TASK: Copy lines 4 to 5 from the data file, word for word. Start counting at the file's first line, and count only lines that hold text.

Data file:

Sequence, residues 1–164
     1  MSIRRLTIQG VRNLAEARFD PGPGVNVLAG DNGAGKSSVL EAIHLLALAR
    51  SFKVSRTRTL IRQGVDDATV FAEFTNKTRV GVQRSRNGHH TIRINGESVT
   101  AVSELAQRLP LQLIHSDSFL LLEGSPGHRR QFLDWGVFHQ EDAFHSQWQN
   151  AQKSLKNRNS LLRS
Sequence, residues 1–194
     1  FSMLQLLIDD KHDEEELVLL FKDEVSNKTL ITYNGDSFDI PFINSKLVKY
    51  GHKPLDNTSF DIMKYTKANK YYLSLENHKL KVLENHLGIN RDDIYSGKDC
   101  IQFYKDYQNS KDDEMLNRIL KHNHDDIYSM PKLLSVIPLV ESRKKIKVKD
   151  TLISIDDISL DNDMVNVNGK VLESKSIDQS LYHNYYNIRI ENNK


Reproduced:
   101  AVSELAQRLP LQLIHSDSFL LLEGSPGHRR QFLDWGVFHQ EDAFHSQWQN
   151  AQKSLKNRNS LLRS